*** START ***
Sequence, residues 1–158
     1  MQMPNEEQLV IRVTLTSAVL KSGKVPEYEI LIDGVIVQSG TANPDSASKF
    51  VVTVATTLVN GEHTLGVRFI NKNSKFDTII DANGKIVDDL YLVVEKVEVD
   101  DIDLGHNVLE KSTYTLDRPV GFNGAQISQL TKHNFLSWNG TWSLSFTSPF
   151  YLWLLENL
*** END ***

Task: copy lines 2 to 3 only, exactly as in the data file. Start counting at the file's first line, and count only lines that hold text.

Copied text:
     1  MQMPNEEQLV IRVTLTSAVL KSGKVPEYEI LIDGVIVQSG TANPDSASKF
    51  VVTVATTLVN GEHTLGVRFI NKNSKFDTII DANGKIVDDL YLVVEKVEVD